Volume 17 Issue 3, June 2020
Economic vulnerability and payment for research participation
Luke Gelinas, Sarah A White, Barbara E Bierer
First Published February 17, 2020; pp. 264–272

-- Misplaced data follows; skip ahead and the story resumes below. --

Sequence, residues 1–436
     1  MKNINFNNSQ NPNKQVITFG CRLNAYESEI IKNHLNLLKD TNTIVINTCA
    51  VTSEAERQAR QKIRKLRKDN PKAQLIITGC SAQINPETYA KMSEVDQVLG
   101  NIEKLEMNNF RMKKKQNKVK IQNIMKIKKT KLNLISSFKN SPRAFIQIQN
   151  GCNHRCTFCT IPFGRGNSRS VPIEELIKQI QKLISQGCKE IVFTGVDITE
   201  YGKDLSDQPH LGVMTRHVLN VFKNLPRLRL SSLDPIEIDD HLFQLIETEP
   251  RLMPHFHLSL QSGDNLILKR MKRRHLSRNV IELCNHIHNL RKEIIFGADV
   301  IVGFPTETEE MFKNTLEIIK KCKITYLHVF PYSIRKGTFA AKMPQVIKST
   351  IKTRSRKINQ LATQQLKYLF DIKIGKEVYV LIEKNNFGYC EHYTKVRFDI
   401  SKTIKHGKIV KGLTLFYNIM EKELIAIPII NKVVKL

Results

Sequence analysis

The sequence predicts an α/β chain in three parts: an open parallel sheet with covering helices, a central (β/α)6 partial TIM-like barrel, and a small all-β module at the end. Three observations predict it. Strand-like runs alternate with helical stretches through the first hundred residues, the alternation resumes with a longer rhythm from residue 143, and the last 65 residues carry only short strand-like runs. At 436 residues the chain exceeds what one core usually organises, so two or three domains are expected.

There has been significant analysis of the ethical and regulatory issues involved with paying research participants, but less attention has been focused specifically on paying economically vulnerable individuals and the unique challenges it may present. This is important, as individuals of lower socio-economic standing are present in all disease groups and study populations. Moreover, clinical research is often conducted in economically under-developed locales, such as lower- or middle-income countries as well as impoverished locales of otherwise wealthy nations (such as, for example, rural Appalachia in the United States). Is it ethical to offer payment in such contexts? What are the ethical considerations relevant for determining payment rates and practices to individuals who are economically vulnerable? We offer an analysis of these issues, focusing on four unique areas of concern: (1) whether the risk of undue influence is greater for economically vulnerable individuals than for wealthier ones; (2) whether payment unacceptably raises the risk of ‘unjust influence’ or disproportionate representation of poor people in clinical research; (3) the positive reasons in favor of paying economically vulnerable people that stem from the ethical value of fairness; and (4) appropriate compensation rates for economically vulnerable populations. Our analysis supports the position that payment to economically vulnerable populations is ethically justified and indeed desirable when certain conditions are met.